8, 2000 VOL. 155 NO. 18
Brown/Saba for TIME.
Americans Mary and James Murphy arrive at Kuala Lumpur International
Airport after escaping from kidnappers on the Malaysian resort island
strikes a Malaysian island resort as armed gunmen from the Abu Sayyaf
organization kidnap a group of tourists and take them to the Philippines
By TERRY MCCARTHY Manila
Sunday was just another day in paradise for James and Mary Murphy--until
the guys with the AK-47s and rocket launchers turned up. After a day of
diving and lounging on the beach, the Murphys and the other tourists on
Sipadan Island off the east coast of Malaysia were having dinner when
six armed men burst in and ordered them onto boats waiting offshore. The
Murphys, from Rochester, New York, had come to the exclusive $250-a-night
resort of Sipadan for its world-renowned corals, turtles, sharks and parrotfish.
Instead they found themselves confronted by men pointing guns at them
and shouting orders. The men, it turned out, were Muslim separatists from
the Philippines' shadowy Abu Sayyaf terrorist organization.
With a tradition of taking foreign hostages--and killing civilians--the
Abu Sayyaf are the most feared rebel group in the predominantly Catholic
Philippines. The organization maintains links with international terrorist
leaders, including Osama bin Laden and Ramzi Yousef, the man convicted
of plotting the 1993 bombing of the World Trade Center in New York City.
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James Murphy initially didn't know who the armed men were, he was worried.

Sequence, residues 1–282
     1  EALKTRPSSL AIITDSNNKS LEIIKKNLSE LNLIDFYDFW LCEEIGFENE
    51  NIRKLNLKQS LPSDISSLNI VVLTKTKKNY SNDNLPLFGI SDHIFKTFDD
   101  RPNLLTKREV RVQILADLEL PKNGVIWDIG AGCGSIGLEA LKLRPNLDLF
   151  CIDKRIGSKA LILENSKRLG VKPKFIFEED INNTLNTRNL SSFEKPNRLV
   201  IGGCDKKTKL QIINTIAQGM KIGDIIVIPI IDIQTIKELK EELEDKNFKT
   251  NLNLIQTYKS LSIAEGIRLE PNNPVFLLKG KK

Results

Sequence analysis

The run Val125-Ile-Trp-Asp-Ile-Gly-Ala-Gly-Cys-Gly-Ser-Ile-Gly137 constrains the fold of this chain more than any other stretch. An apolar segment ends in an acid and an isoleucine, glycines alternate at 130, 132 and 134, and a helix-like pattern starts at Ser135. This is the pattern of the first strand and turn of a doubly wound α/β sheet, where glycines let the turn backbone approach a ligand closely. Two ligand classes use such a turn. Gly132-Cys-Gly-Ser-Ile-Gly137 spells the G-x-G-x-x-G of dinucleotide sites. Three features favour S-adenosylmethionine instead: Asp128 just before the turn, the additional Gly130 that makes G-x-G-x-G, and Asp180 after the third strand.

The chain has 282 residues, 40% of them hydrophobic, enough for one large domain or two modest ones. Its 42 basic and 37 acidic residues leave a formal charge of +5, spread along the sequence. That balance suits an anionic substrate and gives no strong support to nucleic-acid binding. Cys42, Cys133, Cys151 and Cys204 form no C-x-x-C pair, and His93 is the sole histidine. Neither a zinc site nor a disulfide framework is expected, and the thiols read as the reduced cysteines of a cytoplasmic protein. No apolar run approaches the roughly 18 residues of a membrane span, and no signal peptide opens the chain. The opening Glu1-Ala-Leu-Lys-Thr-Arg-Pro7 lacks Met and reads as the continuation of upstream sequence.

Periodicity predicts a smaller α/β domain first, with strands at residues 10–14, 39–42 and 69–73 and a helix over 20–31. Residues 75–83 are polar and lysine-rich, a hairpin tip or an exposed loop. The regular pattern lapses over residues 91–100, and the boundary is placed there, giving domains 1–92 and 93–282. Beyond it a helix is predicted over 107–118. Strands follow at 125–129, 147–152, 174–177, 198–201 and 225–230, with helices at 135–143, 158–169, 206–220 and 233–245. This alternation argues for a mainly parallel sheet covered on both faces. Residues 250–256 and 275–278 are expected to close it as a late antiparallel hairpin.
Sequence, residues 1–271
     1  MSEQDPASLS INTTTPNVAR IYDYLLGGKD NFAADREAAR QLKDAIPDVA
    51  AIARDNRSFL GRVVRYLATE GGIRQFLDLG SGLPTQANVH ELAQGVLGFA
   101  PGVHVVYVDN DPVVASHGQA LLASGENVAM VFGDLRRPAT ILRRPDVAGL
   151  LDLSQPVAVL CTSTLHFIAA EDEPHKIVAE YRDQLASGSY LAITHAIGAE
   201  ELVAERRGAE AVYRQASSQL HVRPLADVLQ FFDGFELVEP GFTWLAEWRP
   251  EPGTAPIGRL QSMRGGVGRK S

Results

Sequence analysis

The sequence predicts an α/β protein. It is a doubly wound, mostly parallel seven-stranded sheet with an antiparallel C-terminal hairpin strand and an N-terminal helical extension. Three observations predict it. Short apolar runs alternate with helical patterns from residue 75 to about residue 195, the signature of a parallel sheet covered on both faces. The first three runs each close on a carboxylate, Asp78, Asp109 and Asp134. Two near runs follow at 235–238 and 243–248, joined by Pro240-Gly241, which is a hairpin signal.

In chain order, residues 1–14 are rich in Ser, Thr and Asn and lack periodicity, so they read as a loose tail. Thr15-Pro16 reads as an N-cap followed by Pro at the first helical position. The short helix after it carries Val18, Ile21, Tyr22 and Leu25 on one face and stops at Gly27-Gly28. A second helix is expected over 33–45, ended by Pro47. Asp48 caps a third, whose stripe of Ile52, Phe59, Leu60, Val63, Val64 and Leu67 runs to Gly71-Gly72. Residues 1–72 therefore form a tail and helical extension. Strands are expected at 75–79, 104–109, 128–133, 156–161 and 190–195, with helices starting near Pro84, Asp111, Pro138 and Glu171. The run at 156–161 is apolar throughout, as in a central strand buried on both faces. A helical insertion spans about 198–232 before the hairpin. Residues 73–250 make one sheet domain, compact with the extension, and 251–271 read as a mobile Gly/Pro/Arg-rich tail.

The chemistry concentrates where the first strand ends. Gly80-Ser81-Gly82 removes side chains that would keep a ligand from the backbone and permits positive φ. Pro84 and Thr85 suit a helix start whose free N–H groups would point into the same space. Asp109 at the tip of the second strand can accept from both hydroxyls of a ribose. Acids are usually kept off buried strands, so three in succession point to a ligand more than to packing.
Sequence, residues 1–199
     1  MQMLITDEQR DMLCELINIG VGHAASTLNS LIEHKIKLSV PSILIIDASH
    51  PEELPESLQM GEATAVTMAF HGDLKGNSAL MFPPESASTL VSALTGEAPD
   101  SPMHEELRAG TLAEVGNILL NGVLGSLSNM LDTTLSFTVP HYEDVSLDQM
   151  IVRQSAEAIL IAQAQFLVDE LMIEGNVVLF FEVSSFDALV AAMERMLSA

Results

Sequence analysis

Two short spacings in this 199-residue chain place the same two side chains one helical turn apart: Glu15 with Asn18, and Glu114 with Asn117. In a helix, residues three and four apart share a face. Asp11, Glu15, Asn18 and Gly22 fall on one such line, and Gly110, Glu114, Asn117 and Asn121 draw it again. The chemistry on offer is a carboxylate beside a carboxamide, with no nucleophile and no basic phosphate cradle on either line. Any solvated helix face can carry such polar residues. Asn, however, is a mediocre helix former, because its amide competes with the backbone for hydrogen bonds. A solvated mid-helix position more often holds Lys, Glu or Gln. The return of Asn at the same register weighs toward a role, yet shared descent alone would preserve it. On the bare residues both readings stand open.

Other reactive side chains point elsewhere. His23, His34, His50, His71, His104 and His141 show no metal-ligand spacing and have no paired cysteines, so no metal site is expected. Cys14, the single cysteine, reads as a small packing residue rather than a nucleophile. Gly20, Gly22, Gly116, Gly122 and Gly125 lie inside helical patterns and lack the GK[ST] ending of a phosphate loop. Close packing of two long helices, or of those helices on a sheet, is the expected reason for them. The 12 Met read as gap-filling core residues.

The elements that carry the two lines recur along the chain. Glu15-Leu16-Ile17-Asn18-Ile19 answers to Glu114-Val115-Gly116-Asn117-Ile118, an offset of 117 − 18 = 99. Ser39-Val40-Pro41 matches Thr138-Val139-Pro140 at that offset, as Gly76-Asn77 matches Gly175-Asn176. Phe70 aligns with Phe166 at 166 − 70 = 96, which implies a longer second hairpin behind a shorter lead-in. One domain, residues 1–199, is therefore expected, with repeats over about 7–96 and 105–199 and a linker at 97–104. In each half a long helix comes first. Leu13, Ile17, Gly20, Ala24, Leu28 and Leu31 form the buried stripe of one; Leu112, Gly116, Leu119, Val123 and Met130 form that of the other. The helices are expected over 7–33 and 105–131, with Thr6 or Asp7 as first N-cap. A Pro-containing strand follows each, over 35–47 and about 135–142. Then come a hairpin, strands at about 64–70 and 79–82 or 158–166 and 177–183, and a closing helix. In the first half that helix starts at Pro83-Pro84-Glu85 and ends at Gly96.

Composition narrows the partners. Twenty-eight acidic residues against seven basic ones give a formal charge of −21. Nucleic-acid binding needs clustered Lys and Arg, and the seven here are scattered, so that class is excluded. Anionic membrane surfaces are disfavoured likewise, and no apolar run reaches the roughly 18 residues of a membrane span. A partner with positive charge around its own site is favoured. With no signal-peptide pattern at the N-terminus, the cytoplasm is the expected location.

They showed little interest in the tourists' valuables, he noted, but
wanted them to board their boat. They had cut the phone lines to the island,
so nobody could call for help. With the kidnappers shouting "Move it,
goddamn, move it!" to the Americans and 10 other foreign tourists, Murphy
took a big chance. He told the armed men that his wife could not swim
and was unable to make it to the boat. The pirates turned away long enough
for the Murphys to run into the undergrowth of the tropical island, where
they hid for the rest of the night.
The other travelers were not so lucky. Three Germans, two French, two
South Africans, two Finns and a Lebanese were herded onto the waiting
boats together with nine Malaysians and two Filipino workers from the
resort. Under cover of darkness they were taken to Jolo island in the
southern Philippines, about an hour away by sea. For several days their
fate was a mystery, until Philippine Defense Secretary Orlando Mercado
finally confirmed what many had suspected all along: the hostages were
being held by the local Abu Sayyaf leader on Jolo island, Galib Andang,
who goes by the alias Commander Robot. Andang was behind several previous
assaults, including the 1998 kidnapping of three Hong Kong citizens in
the Sulu islands.
Efforts to negotiate the release of the latest hostages were continuing
through the weekend with the appointment of former Muslim rebel leader
Nur Misuari as Manila's negotiator. Misuari traveled to Jolo to open communications
with the kidnappers. Once head of the Moro National Liberation Front,
an Islamic separatist group, Misuari went over to the government after
peace talks in 1996. He still commands respect among Muslims in the southern
Philippines. The kidnappers reportedly told Misuari they want money and
restoration of fishing rights in exchange for the hostages. President
Joseph Estrada told TIME, however, that he isn't prepared to meet the
demands. "No way, you cannot keep paying," Estrada said. "That's why we
have so much kidnapping in the Philippines." The President shows every
sign of sticking to the hard line he has adopted since the start of the
incident. "Abu in Tagalog means 'ash,'" says Estrada, "and that is what
we are going to turn them into."
Far away from the action, ensconced in a hotel in Kuala Lumpur, the Murphys